The Roman Empire circa 100 CE

Before reading this book I remember reflecting on how Christ said, “come unto me all you who labor and are heavy laden, and I will give you rest”–how it cannot have been originally understood otherwise than as addressing peoples’ economic plight. And the beatitudes…blessed are the poor for they shall inherit, etc….he foretells a world order in which political injustice is abolished. This is what the prophets in the bible have always cared about. It’s a refreshing thought, especially when many in the church have made the essence of biblical tradition into a “love letter from God,” and so on.

That Jesus’ message was given to people who were faced with the reality of political/economic oppression is implicit in the Gospels, and KA’s succinct articulation of it is beautiful and worthy of remembrance. Paul, she narrates, responded to this message with his conversion, and (along w the other Apostles) carried the torch passed by J the B and Jesus before him. It was a torch she describes as “utopian” and “egalitarian.”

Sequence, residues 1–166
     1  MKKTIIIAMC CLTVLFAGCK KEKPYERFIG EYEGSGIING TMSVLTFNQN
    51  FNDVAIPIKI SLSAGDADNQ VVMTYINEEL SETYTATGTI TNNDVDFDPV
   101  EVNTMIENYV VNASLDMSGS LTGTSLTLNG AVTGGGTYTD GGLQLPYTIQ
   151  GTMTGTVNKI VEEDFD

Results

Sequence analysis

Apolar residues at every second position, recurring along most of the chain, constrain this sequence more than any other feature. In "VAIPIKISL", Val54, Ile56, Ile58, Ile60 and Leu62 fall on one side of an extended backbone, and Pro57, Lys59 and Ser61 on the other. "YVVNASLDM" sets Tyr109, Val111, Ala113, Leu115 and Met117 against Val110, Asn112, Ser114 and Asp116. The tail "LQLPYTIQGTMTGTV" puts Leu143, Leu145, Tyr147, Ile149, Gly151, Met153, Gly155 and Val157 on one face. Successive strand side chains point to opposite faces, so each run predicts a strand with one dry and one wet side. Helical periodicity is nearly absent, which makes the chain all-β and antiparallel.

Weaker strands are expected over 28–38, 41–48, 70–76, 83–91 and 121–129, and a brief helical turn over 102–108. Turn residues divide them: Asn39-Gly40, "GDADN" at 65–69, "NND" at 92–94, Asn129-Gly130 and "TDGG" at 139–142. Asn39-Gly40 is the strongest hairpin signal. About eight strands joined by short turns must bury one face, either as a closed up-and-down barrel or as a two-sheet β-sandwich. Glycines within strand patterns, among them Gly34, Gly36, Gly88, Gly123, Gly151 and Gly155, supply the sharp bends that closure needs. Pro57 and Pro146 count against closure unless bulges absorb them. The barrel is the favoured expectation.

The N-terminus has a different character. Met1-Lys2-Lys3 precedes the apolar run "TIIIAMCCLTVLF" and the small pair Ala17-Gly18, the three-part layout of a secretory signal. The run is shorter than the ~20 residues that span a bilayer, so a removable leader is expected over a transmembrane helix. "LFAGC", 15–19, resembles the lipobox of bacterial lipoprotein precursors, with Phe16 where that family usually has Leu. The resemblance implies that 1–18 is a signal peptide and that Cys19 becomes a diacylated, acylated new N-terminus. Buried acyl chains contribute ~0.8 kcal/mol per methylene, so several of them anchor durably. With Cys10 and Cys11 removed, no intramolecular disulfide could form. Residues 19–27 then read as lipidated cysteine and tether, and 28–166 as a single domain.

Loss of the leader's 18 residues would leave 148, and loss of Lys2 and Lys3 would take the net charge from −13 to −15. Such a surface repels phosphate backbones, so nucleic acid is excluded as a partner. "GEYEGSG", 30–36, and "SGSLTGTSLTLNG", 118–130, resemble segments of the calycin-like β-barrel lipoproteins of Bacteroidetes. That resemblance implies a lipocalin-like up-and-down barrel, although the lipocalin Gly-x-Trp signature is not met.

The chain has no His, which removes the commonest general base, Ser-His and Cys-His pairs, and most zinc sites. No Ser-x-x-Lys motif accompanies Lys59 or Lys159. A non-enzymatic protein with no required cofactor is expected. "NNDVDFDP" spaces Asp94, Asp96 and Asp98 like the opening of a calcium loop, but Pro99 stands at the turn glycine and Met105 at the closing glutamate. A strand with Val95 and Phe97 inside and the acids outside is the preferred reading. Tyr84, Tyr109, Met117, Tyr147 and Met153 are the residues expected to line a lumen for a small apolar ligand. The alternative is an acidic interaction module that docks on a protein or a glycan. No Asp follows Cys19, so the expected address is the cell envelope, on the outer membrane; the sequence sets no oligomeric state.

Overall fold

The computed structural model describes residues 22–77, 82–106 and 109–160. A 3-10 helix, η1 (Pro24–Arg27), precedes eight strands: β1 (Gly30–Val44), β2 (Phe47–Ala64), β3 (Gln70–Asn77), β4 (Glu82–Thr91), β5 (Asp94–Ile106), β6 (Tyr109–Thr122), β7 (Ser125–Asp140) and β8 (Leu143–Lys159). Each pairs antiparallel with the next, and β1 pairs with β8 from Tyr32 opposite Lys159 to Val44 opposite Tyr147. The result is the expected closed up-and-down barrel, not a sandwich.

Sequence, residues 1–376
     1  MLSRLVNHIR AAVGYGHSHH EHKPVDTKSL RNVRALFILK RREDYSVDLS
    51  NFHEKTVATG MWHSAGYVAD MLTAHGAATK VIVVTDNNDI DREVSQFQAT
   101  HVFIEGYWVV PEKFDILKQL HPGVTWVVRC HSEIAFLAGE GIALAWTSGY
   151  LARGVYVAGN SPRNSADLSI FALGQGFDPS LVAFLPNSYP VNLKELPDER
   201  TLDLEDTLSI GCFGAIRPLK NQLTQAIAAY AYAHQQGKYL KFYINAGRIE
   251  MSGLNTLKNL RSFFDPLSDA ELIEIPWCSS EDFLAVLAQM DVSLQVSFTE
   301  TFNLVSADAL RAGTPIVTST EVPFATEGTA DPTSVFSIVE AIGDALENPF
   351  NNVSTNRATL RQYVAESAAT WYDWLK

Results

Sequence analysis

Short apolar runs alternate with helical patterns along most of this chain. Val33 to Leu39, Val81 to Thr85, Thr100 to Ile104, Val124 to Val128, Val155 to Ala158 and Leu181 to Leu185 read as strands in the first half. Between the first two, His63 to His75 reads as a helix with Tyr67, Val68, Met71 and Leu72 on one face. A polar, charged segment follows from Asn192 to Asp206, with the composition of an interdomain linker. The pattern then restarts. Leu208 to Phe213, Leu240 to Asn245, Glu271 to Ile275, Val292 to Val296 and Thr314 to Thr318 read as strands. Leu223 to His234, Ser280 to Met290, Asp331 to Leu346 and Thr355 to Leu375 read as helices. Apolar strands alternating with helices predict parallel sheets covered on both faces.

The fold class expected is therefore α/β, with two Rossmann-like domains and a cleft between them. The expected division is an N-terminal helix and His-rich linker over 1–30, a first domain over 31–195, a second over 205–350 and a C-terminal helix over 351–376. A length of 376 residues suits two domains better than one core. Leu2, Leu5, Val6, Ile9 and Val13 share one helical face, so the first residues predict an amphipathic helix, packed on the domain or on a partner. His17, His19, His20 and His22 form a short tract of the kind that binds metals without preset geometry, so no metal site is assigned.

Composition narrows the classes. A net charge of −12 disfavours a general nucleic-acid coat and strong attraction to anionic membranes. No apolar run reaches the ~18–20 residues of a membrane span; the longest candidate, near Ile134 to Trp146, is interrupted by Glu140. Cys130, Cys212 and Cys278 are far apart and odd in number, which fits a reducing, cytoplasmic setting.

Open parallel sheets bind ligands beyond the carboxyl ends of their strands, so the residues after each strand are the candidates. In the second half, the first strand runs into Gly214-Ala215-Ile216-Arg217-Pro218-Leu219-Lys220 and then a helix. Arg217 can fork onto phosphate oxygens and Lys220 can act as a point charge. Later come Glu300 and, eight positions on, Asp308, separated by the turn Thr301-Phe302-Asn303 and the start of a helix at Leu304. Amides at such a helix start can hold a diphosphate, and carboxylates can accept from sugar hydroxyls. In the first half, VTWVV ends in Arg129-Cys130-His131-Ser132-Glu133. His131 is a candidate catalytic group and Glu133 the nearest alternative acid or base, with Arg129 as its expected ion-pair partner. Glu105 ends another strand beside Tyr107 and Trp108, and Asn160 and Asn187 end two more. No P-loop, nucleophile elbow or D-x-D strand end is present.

The conversion of St. Paul, Michelangelo, 1542-45

2. She says the consensus among historians today is that Paul did not actually write a number of the letters attributed to him in the NT, including Colossians, Ephesians, 2 Thess., 1 & 2 Tim, Titus. I’m skeptical about this…I was curious and double-checked the salutations in some of these. In 2 Thess. he signs “I Paul, sign this with my own hand as I sign all my letters…” but then KA says “these were not forgeries in our sense.” Here I’ll quibble. Anyone who writes in the name of an admired sage and then signs that way is committing a forgery. I would have liked a footnote with some explanation on this point…but it was convenient to her argument that 1 & 2 Tim should not be Paul’s. Those are letter that have some of the most offensive talk about women being subject to men, etc. The biography is something of a rehabilitation of Paul…people hate him bc, for example, he is blamed for the long tradition of misogyny in the church, for condoning slavery, unconditional obedience to the government. By eliminating the letters to Timothy, KA’s job of rehabilitation is easier. But then she has to deal w I Corinthians.